The Social Dilemma was the first mainstream film that captured the manipulative tendencies of many network-based social media companies. Humans were shown as merely faceless victims, controlled by the algorithms and backend. The last decade has proven that social media is a force that cannot be stopped. Beyond simple connections, it has enabled personal advertising and a means for expressing to larger communities.
The article discusses the dynamic, two-way street that the algorithms live on. Personalization is driven by usage and in turn data. We provide our preferences and likes through clicks, views, scrolls, and millions of other metadata points. These signals are continuously ranked and filtered, and though most of these decisions are made by complex algorithms, those algorithms are devised by engineers with little experience in ethics and social standards. Recently, Facebook instituted an Oversight Board to make recommendations on platform, which is the first step in creating a more transparent and tethered platform.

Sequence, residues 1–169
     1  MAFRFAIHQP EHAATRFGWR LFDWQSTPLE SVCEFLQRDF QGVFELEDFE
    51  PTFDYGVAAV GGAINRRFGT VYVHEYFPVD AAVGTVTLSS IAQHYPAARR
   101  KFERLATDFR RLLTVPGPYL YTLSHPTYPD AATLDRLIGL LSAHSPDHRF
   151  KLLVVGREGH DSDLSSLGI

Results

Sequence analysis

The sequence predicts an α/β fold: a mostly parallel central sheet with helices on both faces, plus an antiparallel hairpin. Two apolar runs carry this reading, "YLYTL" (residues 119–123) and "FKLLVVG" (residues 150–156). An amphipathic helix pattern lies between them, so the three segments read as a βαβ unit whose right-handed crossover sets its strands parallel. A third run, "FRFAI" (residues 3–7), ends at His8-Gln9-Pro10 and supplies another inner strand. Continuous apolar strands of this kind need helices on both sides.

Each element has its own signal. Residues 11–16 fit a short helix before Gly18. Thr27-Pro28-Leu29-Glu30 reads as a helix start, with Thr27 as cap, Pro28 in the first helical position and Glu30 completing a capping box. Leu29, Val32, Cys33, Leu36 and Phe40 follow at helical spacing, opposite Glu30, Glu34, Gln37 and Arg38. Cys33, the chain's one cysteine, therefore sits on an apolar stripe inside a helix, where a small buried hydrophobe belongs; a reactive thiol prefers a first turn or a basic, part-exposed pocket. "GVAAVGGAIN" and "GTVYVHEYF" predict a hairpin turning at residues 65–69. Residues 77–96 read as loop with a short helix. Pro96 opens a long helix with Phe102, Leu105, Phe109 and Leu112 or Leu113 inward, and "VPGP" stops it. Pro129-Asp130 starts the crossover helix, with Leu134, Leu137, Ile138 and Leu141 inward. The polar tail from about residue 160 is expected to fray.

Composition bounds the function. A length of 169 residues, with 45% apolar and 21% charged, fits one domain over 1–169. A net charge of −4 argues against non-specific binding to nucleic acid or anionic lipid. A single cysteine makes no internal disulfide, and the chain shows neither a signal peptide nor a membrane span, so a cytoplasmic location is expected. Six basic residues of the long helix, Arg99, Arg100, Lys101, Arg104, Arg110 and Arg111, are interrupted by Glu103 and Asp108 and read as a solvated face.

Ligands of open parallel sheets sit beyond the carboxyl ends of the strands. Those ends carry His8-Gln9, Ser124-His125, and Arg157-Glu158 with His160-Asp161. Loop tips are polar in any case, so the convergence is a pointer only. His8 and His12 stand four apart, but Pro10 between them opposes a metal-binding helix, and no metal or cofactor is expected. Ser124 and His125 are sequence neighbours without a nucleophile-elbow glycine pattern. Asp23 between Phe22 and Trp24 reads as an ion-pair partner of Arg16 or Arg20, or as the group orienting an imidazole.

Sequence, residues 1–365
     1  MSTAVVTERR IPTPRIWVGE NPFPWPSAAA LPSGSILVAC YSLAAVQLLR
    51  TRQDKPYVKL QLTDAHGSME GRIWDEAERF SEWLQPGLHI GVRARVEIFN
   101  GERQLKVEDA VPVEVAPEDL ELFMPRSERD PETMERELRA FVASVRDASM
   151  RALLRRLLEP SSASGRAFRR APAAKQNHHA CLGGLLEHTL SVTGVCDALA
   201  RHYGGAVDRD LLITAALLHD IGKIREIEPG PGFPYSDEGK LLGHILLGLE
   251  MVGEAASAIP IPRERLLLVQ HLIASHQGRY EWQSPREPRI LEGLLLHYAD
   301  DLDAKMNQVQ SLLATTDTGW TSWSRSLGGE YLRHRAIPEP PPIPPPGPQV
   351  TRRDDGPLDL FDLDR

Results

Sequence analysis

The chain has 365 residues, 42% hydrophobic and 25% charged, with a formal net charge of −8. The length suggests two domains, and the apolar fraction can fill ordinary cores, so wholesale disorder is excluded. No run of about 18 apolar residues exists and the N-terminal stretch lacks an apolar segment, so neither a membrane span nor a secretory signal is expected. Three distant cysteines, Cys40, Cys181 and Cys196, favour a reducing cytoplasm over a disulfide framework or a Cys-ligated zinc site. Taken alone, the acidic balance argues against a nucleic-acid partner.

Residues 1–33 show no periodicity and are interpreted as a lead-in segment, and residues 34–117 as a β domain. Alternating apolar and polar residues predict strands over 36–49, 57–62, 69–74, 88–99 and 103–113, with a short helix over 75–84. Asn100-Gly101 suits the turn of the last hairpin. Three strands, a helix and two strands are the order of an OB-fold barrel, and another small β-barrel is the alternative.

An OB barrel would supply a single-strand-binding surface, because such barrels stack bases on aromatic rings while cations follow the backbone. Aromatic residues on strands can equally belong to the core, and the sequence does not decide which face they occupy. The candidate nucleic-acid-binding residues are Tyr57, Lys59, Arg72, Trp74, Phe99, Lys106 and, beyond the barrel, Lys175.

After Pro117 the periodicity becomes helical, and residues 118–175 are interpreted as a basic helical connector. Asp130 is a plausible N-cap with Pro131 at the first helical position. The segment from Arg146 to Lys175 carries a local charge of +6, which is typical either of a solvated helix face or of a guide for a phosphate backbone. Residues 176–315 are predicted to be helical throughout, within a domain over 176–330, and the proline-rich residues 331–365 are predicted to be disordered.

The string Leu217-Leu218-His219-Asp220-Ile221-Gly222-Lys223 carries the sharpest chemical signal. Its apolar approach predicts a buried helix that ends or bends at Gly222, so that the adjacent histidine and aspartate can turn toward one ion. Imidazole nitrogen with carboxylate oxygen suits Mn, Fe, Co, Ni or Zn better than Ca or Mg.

Facebook has adjusted its ranking processes to address issues of misinformation and clickbait. They have moved towards a focus on truly personal information, even while that came with decrease usage. Ultimately, it boils down to
what Facebook is trying to solve.
It has emerged as a generalized platform for all, with groups and pages and events all capable of vast outcomes. It serves as a political platform for some, messaging platform for others, and news site for more. Facebook must construct values and processes for guiding their decisions and algorithmic tuning - in the same light, users skeptical of data usage must educate themselves on the processes powering the ranking, and mark favorites to better tune their site. Social media will continue to evolve and grow enabling communication and discourse at a global scale. Yet like with anything, stable infrastructure is required with such growth - how should the media platforms behave and who dictates the ground rules?